Amber

Everyone has heard of this one, a truly beautiful gemstone – it is fossilised tree resin, sometimes millions of years old. It may sometimes contain trapped insects and animal life.

We sell a wide range of Amber, including natural pieces, polished pieces, tumblestones and carvings.

Amber undergoes a polymerisation, over millions of years. ‘Young’ Amber is referred to as Copal.

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Information about Amber


 

Amber is a gorgeous fossilised tree resin, which can be found worldwide.

It has been used as a gemstone since antiquity. Some pieces can be scientifically important due to high quality inclusions of insects and organic matter.

 

Uses

Amber is pretty much exclusively used as a gemstone – it is cut and polished into jewellery – cabochons, especially. It is also carved into a range of other decorative objects.

In some parts of the Baltic, Amber and Amber markets are actually quite a large tourism draw! It is quite often used for religious purposes, too – Christian and Muslim rosaries being a key example.

It is also used for babies teething necklaces sometimes, too!

 

Why does everyone love Amber?

This gemstone has been known for its distinct colour and beauty since Neolithic times – beads made from the resin have been found in graves dating as far as back as 8000 BCE. There are a wide range of colours – the better known ones are honey, yellow, orange, red, and butterscotch, but it is rarely found in a blue colour or even a green.

It is a fossilised tree resin formed from millions of years of heat and pressure. The sticky resin could sometimes trap small insects and plants; these pieces are very rare, and are an especially coveted and unique material.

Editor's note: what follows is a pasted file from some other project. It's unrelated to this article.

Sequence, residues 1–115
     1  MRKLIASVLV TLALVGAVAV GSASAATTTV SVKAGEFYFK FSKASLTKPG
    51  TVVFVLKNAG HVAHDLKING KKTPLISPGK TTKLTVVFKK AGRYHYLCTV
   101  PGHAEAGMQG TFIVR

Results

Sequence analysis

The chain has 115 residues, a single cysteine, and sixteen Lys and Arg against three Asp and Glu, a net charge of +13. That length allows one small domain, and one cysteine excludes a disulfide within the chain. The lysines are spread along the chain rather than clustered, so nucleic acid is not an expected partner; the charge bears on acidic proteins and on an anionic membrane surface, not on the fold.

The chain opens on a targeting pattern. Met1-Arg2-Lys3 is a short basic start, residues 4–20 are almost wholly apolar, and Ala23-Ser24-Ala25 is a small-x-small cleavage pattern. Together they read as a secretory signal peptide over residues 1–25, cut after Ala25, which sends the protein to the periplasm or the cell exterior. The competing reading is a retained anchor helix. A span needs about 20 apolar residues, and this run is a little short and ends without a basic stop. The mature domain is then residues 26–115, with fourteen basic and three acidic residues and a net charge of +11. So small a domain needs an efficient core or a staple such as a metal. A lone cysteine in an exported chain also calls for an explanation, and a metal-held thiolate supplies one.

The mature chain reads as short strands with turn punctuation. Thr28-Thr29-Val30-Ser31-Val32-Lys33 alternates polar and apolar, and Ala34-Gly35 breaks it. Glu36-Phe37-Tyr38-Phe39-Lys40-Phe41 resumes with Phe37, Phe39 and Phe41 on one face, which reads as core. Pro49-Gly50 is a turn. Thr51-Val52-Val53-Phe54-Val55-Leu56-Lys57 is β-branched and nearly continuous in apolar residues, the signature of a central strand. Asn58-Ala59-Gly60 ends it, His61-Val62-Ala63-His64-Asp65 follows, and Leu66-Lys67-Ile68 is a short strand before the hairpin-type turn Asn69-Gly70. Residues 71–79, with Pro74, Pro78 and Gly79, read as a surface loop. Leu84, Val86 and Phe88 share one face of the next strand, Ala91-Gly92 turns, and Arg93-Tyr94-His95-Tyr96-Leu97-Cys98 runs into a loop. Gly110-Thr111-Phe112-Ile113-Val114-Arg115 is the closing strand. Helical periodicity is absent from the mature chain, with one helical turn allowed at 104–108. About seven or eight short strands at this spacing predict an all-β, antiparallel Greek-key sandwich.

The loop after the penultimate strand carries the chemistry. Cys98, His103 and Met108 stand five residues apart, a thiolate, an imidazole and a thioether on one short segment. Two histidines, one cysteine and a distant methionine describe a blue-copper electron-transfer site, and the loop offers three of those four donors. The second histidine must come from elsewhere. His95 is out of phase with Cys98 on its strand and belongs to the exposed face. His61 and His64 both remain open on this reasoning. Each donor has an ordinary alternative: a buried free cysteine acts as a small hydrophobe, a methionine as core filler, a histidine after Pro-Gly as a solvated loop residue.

A polished piece with insects trapped inside is an amazing sight – while fossils are interesting, insects trapped inside the resin appear almost perfect in condition – these creatures walked the Earth thousands, if not millions of years ago, and a polished piece seems almost like a window into their past.

Amber is found in several countries worldwide, although it is sometimes known by different names.

The most common, and one of the most prized locations for this gemstone is the Baltic – it is mined in legal and illegal open pit mines in Kaliningrad Oblast, but is found throughout the Baltic Sea region. In some parts of coastal Poland, it washes up on the beaches after a storm – I have been lucky enough to see a fisherman with a net pull a fist sized piece out of the sea near Gdansk.

In the Dominican Republic and some other locations worldwide, it is found in a unique blue colour. There are several theories as to the cause of this, but it may be due to forest fires in ancient times.

 

 

Locales

Amber can be found in a few places around the world. The most important and famous deposits are in and around the Baltic Sea area, especially Poland and parts of Russia. It can also be found in the United Kingdom, Germany, Borneo, the Dominican Republic, the United States, Colombia, Spain, Hungary, and possibly other locations.

Most Amber sold online will be from the Baltic, the Dominican Republic, or Borneo.

 

 

Hazards and warnings

As far as I know, there are no dangers or hazards associated with Amber. If cutting and polishing the stone, dust could be an issue – make sure to use adequate ventilation.

 

 

 

 

 

Translations


 

Arabic كهرمان Hausa Russian Янтарь
Bengali অ্যাম্বার Hungarian Borostyán
Borostyánút
Spanish Ámbar
Allingita
Ambroita
Succinita
Burmese  ပယင်း Italian  Ambra Swahili
Chinese  琥珀色 Japanese コハク
アンバー
Swedish Bärnsten
Czech Jantar Javanese Tamil அம்பர்
Dutch Barnsteen Korean 호박
호박색
 Telugu అంబర్
Esperanto Sukceno Malay  Ambar Thai อำพัน
Farsi  کهربا Marathi  एम्बर Ukrainian Бурштин
French Ambre Polish Bursztyn Urdu
German Bernstein
Agstein
Aidstein
Allingit
Ambroit
Grabstein
Succinit
Portuguese Âmbar Vietnamese Hổ phách
Greek Κεχριμπάρι Punjabi ਕਹਰੁਵਾ
Gujurati Romanian Chihlimbar

 

 

External links and further reading


Wikipedia page: https://en.wikipedia.org/wiki/Amber

Mindat page: https://www.mindat.org/min-188.html